This has been one of the strangest seasons I ever remember and the fishing has been very hard to predict.
While there have been quite a few blue marlin wide of the continental slope, the inshore black marlin run turned out to be a complete non event. The mackerel have also been erratic but there have been huge schools of small yellowfin tuna and stripe tuna on the inshore grounds.
The water on the inner reefs has been either brown or green for almost all of the year due to localised flooding, and fishing has been hard to find a pattern to work out with any consistency.
April generally sees the weather patterns settle a bit and the strong south easterlies of summer start to ease. Out wide the East Australian Current has been running at 1-2 knots for most of the year, and beyond the 50 fathom line there have been reasonable numbers of blue marlin, but it is a ‘here today, gone tomorrow’ type of fishery.
Most of the fish have been between 120-160kg with the odd bigger one, but most of the really big ones turned up early in the season.
April is generally one of the best blue marlin months on the calendar and if conditions allow it should be worth a bit of trolling beyond the 50 fathom line. Most of the good spots are between 24 and 30 nautical miles from the Seaway, so good conditions are essential when fishing from a trailer boat.
A spread of five lures each about 20-40cm long on 400lb mono and stand up 37kg tackle is the most reliable way to target these crazy big fish. We’ve caught five blue marlin from my tinnie so far this season and it has been a very challenging type of fishing from a relatively small 6m tinnie, especially when there are only two on board. The challenge is to get ten before Easter.
Hopefully the inshore grounds should see some blue current push in this month, and the numbers of both Spanish and spotted mackerel should increase.
This month can be a very good time to troll the 24 fathom line east of Southport for Spanish mackerel. There are a number of high pinnacles in this area that can be very productive when there is a bit of bait around.
Trolled dead baits such as tailor, bonito and small tuna can be very effective. Halco Laser Pros, Rapala X-Raps and small squid skirts also work well. Troll early in the morning from dawn and keep your lures over reef, not sand. If you have a good sounder the mackerel are generally pretty easy to see: they tend to stack up in vertical schools over the top of pinnacles.
Current dictates bottom fishing this month. Out on the 50 fathom line there should be pearlies, kingfish and parrot; a few snapper can also be caught on the 36 fathom line. In closer there should be a few jewies at night as well as teraglin, tailor and mackerel on baits. If the water cleans up we should also get a few wahoo on the inshore grounds mixed with the mackerel.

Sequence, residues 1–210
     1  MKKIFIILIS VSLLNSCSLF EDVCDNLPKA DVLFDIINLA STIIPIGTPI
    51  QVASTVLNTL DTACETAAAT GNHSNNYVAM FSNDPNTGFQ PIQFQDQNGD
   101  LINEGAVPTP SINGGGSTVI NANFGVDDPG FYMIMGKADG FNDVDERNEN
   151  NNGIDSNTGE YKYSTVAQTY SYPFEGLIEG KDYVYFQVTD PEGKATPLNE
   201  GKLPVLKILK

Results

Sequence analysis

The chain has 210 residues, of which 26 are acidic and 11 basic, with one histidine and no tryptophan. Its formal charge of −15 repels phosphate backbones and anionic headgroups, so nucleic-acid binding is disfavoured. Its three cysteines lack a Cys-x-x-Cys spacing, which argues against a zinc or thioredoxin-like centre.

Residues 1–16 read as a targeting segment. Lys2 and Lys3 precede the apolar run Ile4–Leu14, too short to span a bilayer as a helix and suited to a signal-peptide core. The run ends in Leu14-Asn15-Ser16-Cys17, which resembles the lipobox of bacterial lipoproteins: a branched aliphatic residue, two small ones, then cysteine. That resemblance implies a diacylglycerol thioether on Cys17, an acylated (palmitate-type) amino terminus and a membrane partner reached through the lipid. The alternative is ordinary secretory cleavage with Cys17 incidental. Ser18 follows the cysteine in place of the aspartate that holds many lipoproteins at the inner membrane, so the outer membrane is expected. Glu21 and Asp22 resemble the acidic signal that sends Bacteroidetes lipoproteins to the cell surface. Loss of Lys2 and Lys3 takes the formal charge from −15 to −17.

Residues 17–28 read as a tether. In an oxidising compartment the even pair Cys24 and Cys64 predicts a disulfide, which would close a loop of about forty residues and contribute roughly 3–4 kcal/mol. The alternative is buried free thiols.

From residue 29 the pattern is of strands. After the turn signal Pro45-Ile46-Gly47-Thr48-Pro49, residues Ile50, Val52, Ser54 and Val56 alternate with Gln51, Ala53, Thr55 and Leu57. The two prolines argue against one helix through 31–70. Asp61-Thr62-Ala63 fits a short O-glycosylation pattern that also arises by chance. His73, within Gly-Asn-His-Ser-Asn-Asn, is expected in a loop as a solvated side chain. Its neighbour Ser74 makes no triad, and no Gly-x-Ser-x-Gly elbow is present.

The wet summer has made fishing difficult, but the fisheries should start to stablise this month and the water should start to clear. School mulloway should be a good target around the Seaway and Jumpinpin entrances on both live baits and soft plastics, and there should be a few tailor and early season flathead starting to show in the lower reaches. There has been plenty of baitfish in the system as well.
Sand and mud crabs will be on the menu this month; this has been a good crabbing year for both species due to the intermittent large freshes. In April the muddies are generally excellent quality.
The prime baits are chicken frames, mackerel heads and oily fish like mullet. Work the run-in tides in areas like the weed beds in the Broadwater, which are generally the best bet for sand crabs and the Pimpama, North Arm of Coomera and Coombabah Creek, which are good for muddies.
As the water starts to cool slightly a few more flathead start to show on the flats. In April most of the flatties are between 30cm and 55cm long with the odd bigger fish. Soft plastics, blades and rattlers account for plenty of fish at this time of year. The area between Tipplers Passage through to Crab Island is worth a session on a cool day. Expect a few bream, tailor and small GT as by-catch.
There should still be a few mangrove jacks about this month but they tend to thin out a bit as the water cools. At this time of year a lot of the bigger jacks move to the Seaway area and they can be targeted on live baits or deep jigged soft plastics around the end of the north wall. It is common to get smashed up by jacks when targeting jewies.
Drifting live baits such as yakkas and slimies can be very effective in the Seaway this month. Head out to the close reefs to catch your bait on multi hook bait jigs, then head back inside to drift the livies along the walls on the run-in tide. This can get you a stack of good fish from mulloway to jacks to monster bream.
Overall, this month is a hard one to predict ahead of time, especially because around the beginning of March the rain was still bucketing down and the estuaries were in flood. Hopefully this will make the fishing good for April, the weather will settle down a bit and normal patterns will return.Reads: 1369